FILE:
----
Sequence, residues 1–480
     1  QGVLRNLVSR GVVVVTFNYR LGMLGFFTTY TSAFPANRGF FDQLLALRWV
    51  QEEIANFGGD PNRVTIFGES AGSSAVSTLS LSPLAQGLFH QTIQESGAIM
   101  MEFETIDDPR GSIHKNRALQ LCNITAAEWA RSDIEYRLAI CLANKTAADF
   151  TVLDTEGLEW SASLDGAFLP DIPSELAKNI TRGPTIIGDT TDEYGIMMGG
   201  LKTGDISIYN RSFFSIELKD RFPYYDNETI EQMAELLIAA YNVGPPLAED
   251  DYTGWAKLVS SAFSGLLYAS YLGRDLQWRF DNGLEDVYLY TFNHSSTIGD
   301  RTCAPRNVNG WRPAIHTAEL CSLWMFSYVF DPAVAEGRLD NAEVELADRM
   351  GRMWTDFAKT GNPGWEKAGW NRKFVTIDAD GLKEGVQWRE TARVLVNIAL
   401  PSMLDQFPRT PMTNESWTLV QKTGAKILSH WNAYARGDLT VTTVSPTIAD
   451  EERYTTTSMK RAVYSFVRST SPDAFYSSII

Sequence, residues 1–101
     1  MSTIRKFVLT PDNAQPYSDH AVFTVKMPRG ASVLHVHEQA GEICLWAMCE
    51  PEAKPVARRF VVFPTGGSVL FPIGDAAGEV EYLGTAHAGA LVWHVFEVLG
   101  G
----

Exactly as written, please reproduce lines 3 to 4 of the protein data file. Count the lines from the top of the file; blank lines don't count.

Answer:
    51  QEEIANFGGD PNRVTIFGES AGSSAVSTLS LSPLAQGLFH QTIQESGAIM
   101  MEFETIDDPR GSIHKNRALQ LCNITAAEWA RSDIEYRLAI CLANKTAADF